Oh Canada, you’re playing my song
DOESN’T IT seem that NBC announcers, among their many sins, take particular delight in the Olympic failures of our neighbors to the north? It’s as if every drama, particularly every NBC drama, needs a counterpoint to its America First coverage, whether it’s ice hockey or women’s skiing.
I, for one, am not buying NBC’s Limbaugh-ing of the Olympics. In fact, Monday night I found myself rooting for the Canadian ice dancing team of Tessa Virtue and Scott Moir over Americans Meryl Davis and Charlie White with a passion I didn’t know I had for the Winter Olympics.
Why? Well, of course, the skating was spectacular and their poise letter-perfect. But what got me was the choice of music. In a world of sap here was one of the most gorgeous pieces of music ever written - Gustav Mahler’s Adagietto from his Fifth Symphony. Virtue and Moir probably did more for old Gustav than anyone since Leonard Bernstein half a century ago. Bernstein was notorious for drawing the music out to funereal proportions - he played it on the day of Robert Kennedy’s burial.
But the music was purportedly written as a love letter to Alma Schindler. (It worked, she married him.) And it’s that more loving sweep that came to mind in the hands (and feet) of Virtue and Moir, as their lifts and skating took on the high romance of grand opera.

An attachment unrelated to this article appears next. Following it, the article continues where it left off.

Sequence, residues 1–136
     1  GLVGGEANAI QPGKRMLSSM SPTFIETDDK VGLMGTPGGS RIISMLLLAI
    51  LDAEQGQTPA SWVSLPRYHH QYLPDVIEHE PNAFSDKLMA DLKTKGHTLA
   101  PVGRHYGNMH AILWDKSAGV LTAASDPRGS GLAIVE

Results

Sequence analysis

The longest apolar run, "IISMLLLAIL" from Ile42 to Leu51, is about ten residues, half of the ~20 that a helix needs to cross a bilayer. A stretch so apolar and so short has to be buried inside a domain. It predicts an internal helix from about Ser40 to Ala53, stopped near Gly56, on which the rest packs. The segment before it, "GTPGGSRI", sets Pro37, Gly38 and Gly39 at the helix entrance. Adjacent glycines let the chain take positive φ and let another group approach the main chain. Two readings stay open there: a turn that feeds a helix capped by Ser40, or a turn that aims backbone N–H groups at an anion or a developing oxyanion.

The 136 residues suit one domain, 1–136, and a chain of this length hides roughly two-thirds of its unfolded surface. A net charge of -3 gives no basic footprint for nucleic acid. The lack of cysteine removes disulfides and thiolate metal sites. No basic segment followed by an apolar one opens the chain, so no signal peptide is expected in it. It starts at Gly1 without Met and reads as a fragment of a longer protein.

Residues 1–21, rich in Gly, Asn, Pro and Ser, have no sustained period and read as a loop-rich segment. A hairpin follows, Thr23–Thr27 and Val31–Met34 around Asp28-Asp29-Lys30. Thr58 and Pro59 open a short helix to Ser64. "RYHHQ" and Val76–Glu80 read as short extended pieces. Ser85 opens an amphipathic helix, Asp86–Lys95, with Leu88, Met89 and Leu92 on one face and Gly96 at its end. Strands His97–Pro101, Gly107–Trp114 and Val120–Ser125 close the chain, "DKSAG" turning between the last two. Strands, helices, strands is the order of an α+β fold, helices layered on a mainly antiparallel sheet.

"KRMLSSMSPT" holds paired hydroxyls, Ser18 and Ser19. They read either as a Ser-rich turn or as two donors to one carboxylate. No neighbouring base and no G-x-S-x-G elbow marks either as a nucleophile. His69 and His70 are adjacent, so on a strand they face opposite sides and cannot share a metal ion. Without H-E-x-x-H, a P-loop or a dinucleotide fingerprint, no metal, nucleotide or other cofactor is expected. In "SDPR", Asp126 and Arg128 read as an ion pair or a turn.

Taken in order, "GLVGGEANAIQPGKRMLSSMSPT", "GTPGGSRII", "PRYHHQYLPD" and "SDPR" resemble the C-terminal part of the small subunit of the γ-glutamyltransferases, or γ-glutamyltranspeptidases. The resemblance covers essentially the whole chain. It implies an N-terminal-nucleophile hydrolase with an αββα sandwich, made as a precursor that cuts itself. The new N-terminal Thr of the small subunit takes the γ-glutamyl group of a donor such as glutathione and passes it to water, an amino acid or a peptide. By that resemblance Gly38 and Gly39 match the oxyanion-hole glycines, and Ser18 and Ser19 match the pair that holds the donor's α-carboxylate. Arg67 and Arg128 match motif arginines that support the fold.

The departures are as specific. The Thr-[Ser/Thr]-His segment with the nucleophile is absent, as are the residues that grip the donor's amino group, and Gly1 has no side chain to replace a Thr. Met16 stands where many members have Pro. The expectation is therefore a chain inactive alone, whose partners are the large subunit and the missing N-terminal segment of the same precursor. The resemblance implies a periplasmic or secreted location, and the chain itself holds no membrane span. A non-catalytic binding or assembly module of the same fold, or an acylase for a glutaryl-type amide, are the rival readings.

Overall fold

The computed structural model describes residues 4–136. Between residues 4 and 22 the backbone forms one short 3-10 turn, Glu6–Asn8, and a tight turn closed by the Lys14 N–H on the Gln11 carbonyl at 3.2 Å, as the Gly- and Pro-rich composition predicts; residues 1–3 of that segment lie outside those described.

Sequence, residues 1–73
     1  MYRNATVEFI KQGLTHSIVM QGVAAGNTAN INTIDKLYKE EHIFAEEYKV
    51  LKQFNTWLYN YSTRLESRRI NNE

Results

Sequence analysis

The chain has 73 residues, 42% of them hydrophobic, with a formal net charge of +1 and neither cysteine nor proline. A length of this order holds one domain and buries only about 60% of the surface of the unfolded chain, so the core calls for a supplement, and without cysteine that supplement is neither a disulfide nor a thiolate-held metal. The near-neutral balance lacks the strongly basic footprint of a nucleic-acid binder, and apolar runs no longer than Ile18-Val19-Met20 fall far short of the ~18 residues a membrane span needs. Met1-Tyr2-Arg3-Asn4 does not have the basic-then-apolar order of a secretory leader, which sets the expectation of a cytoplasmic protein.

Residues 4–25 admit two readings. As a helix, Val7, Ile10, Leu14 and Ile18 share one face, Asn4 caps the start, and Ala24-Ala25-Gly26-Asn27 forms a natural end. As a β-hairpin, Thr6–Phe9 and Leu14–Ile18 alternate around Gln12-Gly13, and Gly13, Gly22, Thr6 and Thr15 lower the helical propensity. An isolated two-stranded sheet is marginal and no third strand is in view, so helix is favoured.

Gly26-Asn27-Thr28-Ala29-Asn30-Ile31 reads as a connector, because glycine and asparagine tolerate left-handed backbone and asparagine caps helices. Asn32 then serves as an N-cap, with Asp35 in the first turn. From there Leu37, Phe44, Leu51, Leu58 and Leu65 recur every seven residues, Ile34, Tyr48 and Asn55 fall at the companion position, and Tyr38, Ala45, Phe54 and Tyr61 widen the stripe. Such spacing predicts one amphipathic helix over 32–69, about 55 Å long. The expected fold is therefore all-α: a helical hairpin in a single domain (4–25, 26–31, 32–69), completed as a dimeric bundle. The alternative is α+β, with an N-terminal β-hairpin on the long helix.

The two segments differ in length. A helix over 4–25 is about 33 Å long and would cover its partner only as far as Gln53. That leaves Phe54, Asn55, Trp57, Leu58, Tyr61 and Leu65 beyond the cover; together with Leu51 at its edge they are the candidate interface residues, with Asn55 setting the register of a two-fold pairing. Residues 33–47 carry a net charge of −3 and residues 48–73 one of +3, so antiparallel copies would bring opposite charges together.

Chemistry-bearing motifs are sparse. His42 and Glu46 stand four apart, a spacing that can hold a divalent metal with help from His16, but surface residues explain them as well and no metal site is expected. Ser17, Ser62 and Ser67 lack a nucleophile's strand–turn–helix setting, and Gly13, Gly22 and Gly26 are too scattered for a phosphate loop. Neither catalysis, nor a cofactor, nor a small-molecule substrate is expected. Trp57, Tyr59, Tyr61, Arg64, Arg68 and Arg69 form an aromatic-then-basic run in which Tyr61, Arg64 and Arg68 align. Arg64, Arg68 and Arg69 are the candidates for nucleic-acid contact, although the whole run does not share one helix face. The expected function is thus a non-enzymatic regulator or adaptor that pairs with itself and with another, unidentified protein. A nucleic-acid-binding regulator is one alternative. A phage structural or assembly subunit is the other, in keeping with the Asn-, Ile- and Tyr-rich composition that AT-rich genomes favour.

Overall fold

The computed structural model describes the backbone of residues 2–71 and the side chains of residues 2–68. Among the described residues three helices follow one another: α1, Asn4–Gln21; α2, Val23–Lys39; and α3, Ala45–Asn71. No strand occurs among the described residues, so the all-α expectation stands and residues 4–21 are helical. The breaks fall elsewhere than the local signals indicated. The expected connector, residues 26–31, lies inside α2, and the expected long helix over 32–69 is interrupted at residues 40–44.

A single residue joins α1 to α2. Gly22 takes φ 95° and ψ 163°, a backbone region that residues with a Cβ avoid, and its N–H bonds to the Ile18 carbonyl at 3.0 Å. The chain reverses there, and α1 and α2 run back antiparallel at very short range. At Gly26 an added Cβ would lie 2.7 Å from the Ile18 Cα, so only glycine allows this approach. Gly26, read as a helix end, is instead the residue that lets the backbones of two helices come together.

Meanwhile, what did America’s team dance to? Cue the Grand Guignol organ - Andrew Lloyd Webber’s “Phantom of the Opera.’’ Isn’t that reason enough to root for Canadians? “Phantom’’ isn’t quite as flatulent as most of Lloyd Webber’s poperas, but it’s still mush compared to Mahler with all those pompous swells, portentous hushes, and sugary sentiments. Where Mahler’s music is transcendent, Lloyd Webber’s is strictly earthbound.
Snobbery? I think musical taste says a lot about a person. And a country. The aptly named Virtue was doubly rewarded when the Canadians took the stand and they and the stadium, seemingly as one entity, belted out the gold-medal national anthem, “O Canada.’’ OK, the lyrics aren’t much, but compared to “The rockets’ red glare / The bombs bursting in air’’? All wrapped in a tune that’s barely singable for all but the country’s best voices?
Not that I won’t root for a talented American like Evan Lysacek (and he skated to Stravinsky’s “Firebird’’) or a likable US team like this year’s hockey squad. But it will be with the wary knowledge that the NBC hype machine will be working overtime, particularly since bringing Al Michaels over from ABC.
Do you believe in miracles? No. I don’t believe that Mike Eruzione qualifies for sainthood. I think he was a terrific athlete and so were his teammates in 1980 and so is Lindsey Vonn today. Turning them all into Mother Teresas is where we went wrong with Tiger Woods. Of course, that didn’t stop Matt Lauer from giving Vonn a big hug, announcing “We are so proud of you’’ and presenting her with flowers. This guy works for an NBC news show? Veteran NBC anchors Chet Huntley and David Brinkley are doing quad loops in their graves. Tom Brokaw might join them after he hears the sappy music they inserted into his piece about snowboarder Kevin Pearce.
It was enough to make Lloyd Webber sound like Mahler. It’s enough, if you want less treacle in Olympics coverage, to make you think twice about whom you root for.
Who would have thought that the most sophisticated message coming out of NBC’s coverage would be the Visa commercials with their simple slogan - “Go world.’’
Freelance writer Ed Siegel is former television and theater critic for the Globe.